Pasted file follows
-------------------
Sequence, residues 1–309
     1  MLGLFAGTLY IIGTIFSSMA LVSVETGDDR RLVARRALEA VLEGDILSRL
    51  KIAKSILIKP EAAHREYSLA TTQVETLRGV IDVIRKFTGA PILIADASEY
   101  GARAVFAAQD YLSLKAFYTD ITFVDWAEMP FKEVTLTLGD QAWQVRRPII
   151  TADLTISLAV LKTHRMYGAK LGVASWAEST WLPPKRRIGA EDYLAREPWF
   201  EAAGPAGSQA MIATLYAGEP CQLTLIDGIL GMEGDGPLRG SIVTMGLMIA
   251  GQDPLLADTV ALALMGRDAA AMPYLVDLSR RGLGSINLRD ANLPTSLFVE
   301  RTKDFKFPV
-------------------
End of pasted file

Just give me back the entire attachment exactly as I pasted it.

Sequence, residues 1–309
     1  MLGLFAGTLY IIGTIFSSMA LVSVETGDDR RLVARRALEA VLEGDILSRL
    51  KIAKSILIKP EAAHREYSLA TTQVETLRGV IDVIRKFTGA PILIADASEY
   101  GARAVFAAQD YLSLKAFYTD ITFVDWAEMP FKEVTLTLGD QAWQVRRPII
   151  TADLTISLAV LKTHRMYGAK LGVASWAEST WLPPKRRIGA EDYLAREPWF
   201  EAAGPAGSQA MIATLYAGEP CQLTLIDGIL GMEGDGPLRG SIVTMGLMIA
   251  GQDPLLADTV ALALMGRDAA AMPYLVDLSR RGLGSINLRD ANLPTSLFVE
   301  RTKDFKFPV